If there’s one trendthat I’ve noticed about any of the successful Internet businesses of the past decade or so is that they tend to be platforms on which others can build their business. Sure there are many highly successful companies that operate in a closed fashion but the trend towards a more open web is undeniable. Nearly every successful Internet based company allows some form of interoperability with the wider world allowing anyone to leverage the platform for their own purposes. Thus today for any fledgling start up the choice on whether or not to open up your service for others to use has already been made for you, but that doesn’t necessarily mean its a bad thing.
There are many great examples of companies as a platform dating back to the early days after the dot com bust. One of the examples that sticks in my mind is eBay which started out as a simple way for anyone to sell their unwanted goods online. Quickly though people realised that eBay was in essence a cheap online shop front, much cheaper than many of the alternatives available at the time. This quickly snowballed and many niche businesses found their home on eBay using the brand to get exposure and the platform to grow a business that wouldn’t have been possible before.
The examples flow thick and fast for nearly all of the current Internet giants. Facebook has shown that whilst its core of replicating your friendship online remains it’s now a gaming platform and promotion network. Twitter owes quite a lot of success to its wide open API which has generated hundreds of quality applications, drove adoption of the service and makes it the de facto target for any Internet mash-up (even Geon!). So why does being an open platform do so much for driving adoption of a service?
Primarily it appears to be due to the amount of free development that one can receive by making their services available to developers. Twitter for the longest time didn’t have an official mobile application, arguably the killer app for something that’s based around short frequent updates. Still that didn’t mean there were a lack of clients available for it like Echofon, Tweetdeck and Brizzly. Opening up their API meant that they could focus more on improving the service and developing new ideas rather than having to spend additional resources bringing their platform to where it was needed. This forms a positive feedback loop that enables the underlying platform to improve whilst ensuring that it still remains relevant to its users.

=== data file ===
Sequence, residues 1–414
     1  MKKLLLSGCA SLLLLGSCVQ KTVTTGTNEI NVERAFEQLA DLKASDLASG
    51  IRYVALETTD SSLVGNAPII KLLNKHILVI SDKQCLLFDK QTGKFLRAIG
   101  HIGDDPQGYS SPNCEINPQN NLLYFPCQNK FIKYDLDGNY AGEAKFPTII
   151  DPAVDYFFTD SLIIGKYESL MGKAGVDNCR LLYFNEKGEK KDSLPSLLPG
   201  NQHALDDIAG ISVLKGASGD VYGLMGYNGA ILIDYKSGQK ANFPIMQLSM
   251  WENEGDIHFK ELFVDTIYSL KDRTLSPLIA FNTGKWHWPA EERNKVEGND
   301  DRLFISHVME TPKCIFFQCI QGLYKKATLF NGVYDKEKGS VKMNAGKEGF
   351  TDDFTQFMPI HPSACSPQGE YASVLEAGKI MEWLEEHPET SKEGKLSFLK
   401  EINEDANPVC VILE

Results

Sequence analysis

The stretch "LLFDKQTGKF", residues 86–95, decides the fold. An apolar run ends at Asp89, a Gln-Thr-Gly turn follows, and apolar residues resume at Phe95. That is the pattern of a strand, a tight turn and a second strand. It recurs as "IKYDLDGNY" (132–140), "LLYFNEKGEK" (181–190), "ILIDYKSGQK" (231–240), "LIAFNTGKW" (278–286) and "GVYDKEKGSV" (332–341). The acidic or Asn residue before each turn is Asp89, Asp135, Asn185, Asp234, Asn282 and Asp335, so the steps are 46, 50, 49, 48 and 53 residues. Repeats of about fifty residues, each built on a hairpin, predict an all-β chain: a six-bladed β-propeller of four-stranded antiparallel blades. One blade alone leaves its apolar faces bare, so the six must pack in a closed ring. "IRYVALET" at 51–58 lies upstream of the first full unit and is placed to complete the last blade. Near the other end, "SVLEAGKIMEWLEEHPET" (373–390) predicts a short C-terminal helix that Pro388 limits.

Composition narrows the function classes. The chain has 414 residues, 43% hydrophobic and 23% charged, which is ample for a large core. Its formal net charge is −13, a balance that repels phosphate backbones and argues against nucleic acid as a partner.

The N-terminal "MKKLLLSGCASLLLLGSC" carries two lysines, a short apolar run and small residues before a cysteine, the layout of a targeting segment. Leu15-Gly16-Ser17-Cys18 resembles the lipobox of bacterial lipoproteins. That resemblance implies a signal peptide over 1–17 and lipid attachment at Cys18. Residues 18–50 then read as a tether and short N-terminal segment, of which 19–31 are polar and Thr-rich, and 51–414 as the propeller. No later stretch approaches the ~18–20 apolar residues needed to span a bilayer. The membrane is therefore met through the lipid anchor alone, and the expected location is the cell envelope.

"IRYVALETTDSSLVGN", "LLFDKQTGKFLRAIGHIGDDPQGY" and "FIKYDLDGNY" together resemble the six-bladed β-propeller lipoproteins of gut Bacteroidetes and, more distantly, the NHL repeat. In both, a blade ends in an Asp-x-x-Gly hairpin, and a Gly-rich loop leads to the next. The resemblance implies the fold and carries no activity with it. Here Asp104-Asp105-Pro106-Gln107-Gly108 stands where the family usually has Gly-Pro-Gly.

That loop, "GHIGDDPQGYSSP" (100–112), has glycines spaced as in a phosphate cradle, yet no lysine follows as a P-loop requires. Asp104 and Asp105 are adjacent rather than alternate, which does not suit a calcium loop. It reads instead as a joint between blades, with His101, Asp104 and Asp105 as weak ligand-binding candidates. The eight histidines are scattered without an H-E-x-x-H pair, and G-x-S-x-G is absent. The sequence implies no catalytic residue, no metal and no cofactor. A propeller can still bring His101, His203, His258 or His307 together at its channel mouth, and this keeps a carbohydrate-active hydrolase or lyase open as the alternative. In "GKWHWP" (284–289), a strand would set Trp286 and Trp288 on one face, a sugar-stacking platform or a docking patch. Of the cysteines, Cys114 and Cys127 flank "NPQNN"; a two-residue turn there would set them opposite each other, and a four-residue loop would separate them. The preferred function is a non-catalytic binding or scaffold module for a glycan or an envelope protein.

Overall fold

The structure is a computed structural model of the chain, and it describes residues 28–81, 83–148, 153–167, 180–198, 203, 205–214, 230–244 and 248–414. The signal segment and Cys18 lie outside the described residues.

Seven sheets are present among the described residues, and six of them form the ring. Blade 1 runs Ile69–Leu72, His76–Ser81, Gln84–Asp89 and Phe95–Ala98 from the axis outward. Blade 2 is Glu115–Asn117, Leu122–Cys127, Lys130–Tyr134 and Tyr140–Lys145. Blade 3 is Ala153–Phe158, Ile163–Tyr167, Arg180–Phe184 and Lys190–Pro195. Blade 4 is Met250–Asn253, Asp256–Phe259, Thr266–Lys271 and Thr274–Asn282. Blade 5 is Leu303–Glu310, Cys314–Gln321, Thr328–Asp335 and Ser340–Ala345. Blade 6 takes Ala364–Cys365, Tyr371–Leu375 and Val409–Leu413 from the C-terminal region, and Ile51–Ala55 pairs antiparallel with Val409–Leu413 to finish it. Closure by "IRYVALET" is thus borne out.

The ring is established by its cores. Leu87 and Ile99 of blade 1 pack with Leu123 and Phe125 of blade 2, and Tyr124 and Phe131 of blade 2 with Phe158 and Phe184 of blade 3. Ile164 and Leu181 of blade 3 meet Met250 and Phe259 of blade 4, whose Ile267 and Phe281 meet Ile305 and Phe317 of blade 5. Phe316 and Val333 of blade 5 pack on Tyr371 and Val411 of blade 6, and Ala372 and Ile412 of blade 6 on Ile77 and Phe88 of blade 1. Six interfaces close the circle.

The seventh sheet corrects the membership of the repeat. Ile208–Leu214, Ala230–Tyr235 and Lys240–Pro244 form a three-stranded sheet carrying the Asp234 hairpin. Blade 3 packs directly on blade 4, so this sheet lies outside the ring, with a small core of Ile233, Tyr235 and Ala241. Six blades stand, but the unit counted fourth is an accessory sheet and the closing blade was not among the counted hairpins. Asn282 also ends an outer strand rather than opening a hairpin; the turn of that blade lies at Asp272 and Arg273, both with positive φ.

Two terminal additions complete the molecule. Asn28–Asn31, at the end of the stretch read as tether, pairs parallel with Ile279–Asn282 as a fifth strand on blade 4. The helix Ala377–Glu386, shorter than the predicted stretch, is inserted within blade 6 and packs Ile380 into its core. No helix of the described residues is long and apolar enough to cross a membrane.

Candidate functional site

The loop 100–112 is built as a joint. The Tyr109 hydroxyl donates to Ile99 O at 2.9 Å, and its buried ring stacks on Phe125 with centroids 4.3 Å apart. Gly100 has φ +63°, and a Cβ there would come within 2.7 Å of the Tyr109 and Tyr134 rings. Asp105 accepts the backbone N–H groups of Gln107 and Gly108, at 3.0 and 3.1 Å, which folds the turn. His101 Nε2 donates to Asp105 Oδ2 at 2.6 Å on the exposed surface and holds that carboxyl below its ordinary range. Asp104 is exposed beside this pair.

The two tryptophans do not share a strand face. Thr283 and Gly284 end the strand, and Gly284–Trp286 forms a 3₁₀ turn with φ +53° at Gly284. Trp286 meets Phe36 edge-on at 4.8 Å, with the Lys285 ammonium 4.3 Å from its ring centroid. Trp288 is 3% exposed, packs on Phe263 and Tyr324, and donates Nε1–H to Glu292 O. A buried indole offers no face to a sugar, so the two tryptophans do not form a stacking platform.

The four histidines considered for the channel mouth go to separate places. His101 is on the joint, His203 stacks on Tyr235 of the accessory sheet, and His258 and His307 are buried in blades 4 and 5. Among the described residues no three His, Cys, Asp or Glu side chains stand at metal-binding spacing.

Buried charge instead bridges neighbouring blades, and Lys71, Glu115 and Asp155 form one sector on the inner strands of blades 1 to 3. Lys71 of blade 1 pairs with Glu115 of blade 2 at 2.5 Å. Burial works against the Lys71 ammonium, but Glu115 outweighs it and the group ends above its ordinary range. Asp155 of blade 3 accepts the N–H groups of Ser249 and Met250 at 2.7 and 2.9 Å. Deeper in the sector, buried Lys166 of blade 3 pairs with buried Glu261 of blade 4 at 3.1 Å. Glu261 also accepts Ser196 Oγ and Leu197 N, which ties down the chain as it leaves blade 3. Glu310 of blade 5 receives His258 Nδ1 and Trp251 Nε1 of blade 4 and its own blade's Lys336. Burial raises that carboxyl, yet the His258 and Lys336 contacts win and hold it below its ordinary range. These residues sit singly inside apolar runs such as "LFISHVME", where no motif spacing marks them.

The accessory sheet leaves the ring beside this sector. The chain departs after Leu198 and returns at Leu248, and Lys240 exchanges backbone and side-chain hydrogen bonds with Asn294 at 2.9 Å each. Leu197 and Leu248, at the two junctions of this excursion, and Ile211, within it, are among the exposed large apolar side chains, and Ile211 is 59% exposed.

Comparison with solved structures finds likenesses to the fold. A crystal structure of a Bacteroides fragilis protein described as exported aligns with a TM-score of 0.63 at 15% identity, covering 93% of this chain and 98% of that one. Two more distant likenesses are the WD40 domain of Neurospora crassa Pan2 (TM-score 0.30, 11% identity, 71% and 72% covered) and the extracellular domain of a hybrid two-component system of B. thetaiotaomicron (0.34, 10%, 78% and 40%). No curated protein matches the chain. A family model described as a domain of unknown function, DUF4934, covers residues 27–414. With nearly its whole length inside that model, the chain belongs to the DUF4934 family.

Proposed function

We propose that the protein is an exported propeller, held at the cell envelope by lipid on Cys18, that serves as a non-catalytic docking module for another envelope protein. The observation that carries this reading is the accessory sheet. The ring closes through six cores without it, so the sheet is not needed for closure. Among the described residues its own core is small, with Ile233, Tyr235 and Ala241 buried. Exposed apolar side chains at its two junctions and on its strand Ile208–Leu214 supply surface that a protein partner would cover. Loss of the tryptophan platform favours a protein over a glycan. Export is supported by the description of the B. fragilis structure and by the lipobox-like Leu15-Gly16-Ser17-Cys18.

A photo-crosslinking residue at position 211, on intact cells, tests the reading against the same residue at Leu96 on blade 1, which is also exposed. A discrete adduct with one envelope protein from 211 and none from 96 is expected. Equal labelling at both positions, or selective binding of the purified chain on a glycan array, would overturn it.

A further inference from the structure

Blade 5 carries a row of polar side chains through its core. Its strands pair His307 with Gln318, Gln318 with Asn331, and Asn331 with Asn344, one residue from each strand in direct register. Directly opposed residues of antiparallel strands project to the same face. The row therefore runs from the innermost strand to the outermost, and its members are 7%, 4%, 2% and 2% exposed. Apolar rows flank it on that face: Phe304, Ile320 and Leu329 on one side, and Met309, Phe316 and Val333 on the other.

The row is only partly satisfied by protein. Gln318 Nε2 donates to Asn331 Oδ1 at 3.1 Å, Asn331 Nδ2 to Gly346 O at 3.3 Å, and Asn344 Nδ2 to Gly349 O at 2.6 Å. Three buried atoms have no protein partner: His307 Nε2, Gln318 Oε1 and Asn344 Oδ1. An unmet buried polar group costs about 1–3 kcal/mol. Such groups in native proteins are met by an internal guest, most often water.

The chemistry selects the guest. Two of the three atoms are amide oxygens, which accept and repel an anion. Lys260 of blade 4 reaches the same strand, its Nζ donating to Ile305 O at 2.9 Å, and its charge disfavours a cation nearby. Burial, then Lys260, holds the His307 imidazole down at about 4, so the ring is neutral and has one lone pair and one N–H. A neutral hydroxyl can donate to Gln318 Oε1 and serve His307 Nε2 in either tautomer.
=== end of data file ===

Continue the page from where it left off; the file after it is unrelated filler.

Of course this all relies on the idea that your service provides something of value to your users. For a lot of companies the services that they provide start out closed off in order to ensure that it functions as expected. Early on development time is at a premium and the additional resources required to ensure the platform is stable can outweigh the potential benefits of doing so. However once a critical mass of users is crossed it makes sense to open it up in order to drive adoption. A great example of this is Gowalla who only recently released a full API after being available for about 2 years.
For someone like myself who is seeking Internet fame and stardom the idea of being a platform underpins many of the decisions I make when developing a service. You see whilst I may think I know what people might want there are so many things that I just don’t think of when I’m elbow deep in my code. In fact about half of the features in the current version of Geon have come just from talking the idea over with my friends and people who’ve been in the business for some time. Keeping my service open means that should an enterprising user find something lacking they’re able to build it hopefully bringing more users to my service and giving them a little Internet e-cred.
Does this mean that every service that isn’t a platform is doomed to failure? Absolutely not. There are many things where an open API simply isn’t required like if the company themselves provides products that cater to their user’s needs succintly. Still the writing is on the wall for those who build things on the Internet and the more open your application is the more likely it will be picked up by the wider world. Google VP Andy Rubin said it best with the words “Open usually wins” and the recent decade of the Internet seems to agree with him.